The focus on improved US infrastructure has lingered at center stage this week, as the business and investment worlds continue to weigh in on the pros and cons of President Biden’s proposed $2 trillion American Jobs Plan. Though the plan has faced much criticism in Congress, there are still ambitious efforts underway to get a clean infrastructure bill passed by the end of the summer.
With this backdrop, we turn our attention back to our clean infrastructure investment theme by further analyzing the Environment Flow portfolio we built for last week’s Factor Spotlight. This week, we look at the Environment Flow portfolio through the lens of the Wolfe Research QES US Industrials (“Wolfe US Industrials”) risk model to understand how this theme stacks up against the overall Industrials & Materials sectors.
Revisiting the Methodology
As a recap from last week, we constructed an “Environment Flow” portfolio based on the Russell 3000 Industrials, Materials, and Energy sector. This portfolio is a market-neutral portfolio, with the long and short books weighted by the one-year change in the Environment pillar score from the MSCI ESG Ratings dataset. The long (short) side represents names with a positive (negative) change in the Environmental pillar score that would be more (less) attractive to investors interested in companies that are improving their environmental impact. Last week’s Factor Spotlight includes more details on the methodology for the Environment Flow portfolio. For this week’s analysis, since we’ll be focusing on Industrials & Materials, we screened Energy names out of the final portfolio.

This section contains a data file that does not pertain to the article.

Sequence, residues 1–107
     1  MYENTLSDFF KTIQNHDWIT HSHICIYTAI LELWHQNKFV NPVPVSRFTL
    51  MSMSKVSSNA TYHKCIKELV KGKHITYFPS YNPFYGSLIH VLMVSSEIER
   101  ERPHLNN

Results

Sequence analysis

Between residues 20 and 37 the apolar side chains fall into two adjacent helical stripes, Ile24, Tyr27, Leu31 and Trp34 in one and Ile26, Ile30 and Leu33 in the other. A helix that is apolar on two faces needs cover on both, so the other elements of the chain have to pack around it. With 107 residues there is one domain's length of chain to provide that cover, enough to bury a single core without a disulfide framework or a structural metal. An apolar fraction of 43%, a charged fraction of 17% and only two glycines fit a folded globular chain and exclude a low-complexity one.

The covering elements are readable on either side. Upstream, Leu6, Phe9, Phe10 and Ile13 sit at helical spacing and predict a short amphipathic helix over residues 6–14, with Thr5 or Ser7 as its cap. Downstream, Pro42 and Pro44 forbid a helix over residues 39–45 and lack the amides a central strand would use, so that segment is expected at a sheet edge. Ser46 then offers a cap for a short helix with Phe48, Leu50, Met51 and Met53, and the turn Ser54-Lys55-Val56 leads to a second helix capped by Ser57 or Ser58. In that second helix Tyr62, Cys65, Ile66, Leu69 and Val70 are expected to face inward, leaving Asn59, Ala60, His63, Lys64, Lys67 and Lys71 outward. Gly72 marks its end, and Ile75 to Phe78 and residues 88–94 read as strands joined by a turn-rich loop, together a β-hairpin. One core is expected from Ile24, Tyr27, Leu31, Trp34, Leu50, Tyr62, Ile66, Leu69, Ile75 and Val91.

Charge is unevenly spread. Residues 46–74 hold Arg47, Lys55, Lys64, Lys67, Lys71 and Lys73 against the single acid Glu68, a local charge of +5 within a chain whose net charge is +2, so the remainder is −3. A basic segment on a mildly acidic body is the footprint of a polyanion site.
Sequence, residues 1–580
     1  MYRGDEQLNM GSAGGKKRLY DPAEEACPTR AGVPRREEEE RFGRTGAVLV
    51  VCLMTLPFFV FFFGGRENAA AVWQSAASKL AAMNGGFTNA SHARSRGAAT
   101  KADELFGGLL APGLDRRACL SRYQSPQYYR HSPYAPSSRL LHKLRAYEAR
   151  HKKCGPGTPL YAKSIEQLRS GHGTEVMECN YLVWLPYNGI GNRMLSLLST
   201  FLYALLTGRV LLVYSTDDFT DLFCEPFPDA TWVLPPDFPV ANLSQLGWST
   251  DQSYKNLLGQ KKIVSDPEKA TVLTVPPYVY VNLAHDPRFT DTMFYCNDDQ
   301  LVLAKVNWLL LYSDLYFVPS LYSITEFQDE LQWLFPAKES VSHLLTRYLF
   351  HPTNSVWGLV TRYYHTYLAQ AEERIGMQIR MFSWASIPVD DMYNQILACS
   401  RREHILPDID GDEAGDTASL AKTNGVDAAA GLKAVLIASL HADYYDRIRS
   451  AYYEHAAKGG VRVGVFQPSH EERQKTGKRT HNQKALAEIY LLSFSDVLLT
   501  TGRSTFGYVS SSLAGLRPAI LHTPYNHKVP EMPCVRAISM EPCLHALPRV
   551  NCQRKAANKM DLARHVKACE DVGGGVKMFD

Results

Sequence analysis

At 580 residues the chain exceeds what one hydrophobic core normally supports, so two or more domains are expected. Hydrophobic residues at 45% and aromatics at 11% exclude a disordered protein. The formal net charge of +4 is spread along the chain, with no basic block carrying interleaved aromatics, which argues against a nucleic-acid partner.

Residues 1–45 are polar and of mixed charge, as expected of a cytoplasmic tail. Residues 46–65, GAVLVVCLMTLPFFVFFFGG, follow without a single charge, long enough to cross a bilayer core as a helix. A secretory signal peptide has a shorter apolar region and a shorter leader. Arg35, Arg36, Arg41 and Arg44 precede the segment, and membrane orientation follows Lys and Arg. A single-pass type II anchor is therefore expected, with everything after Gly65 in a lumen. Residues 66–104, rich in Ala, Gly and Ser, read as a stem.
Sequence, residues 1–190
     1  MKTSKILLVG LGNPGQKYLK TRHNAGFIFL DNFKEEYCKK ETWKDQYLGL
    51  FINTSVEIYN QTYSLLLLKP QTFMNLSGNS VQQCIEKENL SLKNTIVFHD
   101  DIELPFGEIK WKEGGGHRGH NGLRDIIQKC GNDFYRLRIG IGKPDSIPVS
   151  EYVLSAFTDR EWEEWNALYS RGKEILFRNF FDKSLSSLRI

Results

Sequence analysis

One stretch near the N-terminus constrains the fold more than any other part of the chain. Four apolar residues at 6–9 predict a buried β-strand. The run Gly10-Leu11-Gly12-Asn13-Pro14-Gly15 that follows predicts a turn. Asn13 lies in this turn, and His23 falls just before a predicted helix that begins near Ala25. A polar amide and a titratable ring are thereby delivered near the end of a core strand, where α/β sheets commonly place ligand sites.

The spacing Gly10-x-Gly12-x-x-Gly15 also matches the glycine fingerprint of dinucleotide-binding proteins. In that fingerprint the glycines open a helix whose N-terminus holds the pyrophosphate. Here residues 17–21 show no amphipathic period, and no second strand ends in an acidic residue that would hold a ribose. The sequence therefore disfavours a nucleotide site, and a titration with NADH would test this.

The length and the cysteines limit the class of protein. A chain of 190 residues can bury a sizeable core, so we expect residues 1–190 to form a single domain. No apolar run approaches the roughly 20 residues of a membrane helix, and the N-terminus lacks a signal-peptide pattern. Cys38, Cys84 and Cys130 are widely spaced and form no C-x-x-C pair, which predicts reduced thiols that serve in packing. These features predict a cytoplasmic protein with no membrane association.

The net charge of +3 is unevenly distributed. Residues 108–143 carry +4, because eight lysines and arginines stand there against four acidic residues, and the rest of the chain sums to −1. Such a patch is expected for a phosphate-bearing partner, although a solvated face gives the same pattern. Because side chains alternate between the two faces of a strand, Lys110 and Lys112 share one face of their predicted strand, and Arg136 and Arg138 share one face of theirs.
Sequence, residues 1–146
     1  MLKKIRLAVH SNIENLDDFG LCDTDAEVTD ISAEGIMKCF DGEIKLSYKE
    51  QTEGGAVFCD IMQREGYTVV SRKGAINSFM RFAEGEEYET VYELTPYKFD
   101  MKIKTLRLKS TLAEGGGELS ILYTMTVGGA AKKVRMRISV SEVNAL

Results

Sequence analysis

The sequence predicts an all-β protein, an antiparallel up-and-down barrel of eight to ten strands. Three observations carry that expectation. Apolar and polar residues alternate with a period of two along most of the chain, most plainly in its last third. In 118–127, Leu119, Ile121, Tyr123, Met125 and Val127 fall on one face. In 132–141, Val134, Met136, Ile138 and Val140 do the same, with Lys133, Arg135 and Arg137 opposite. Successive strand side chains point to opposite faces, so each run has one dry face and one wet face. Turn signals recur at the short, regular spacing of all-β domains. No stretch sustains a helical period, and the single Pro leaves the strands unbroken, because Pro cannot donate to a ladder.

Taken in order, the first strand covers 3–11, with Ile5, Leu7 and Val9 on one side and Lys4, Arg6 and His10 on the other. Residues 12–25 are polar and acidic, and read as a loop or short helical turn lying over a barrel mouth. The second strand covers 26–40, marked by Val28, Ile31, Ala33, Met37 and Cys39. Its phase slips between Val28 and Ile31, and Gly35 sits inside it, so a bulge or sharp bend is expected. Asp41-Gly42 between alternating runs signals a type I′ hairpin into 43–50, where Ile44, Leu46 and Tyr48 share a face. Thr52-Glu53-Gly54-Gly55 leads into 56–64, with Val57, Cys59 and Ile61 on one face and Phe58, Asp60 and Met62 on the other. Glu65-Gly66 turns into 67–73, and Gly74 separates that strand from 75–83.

To evaluate our Environment Flow portfolio with an Industrials-first lens, we’ll be using the Wolfe US Industrials risk model, which uses an estimation universe of US all-cap Industrials and Materials securities, as opposed to using a broad US universe. In addition to factors that are common across other sector and broad market models, this sector-specific model includes several factors relevant for understanding the behavior of the industrials and materials sectors. This covers fundamental factors, such as EBITDA-to-EV, macro factors, such as sensitivity to Oil Prices, Industrial Metals Prices, and Interest Rates, and granular industry factors, such as Machinery and Building Products.
While the model’s estimation universe is comprised of the industrials and materials sectors, the model is able to cover all US equities due to the time series regression methodology used to estimate the security sensitivities to the factors. Please refer to the risk model factsheet for more information on the construction and factors used in this model.
Clean Infrastructure with an Industrials Lens